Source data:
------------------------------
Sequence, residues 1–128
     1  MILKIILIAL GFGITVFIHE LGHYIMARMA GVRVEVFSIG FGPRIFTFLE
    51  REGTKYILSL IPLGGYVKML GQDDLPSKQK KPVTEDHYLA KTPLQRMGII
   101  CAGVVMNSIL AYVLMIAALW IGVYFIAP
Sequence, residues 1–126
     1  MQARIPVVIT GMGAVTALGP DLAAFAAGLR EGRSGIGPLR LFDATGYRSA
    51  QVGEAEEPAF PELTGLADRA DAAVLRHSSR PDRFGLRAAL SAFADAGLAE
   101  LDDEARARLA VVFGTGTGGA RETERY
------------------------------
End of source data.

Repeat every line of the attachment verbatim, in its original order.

Sequence, residues 1–128
     1  MILKIILIAL GFGITVFIHE LGHYIMARMA GVRVEVFSIG FGPRIFTFLE
    51  REGTKYILSL IPLGGYVKML GQDDLPSKQK KPVTEDHYLA KTPLQRMGII
   101  CAGVVMNSIL AYVLMIAALW IGVYFIAP
Sequence, residues 1–126
     1  MQARIPVVIT GMGAVTALGP DLAAFAAGLR EGRSGIGPLR LFDATGYRSA
    51  QVGEAEEPAF PELTGLADRA DAAVLRHSSR PDRFGLRAAL SAFADAGLAE
   101  LDDEARARLA VVFGTGTGGA RETERY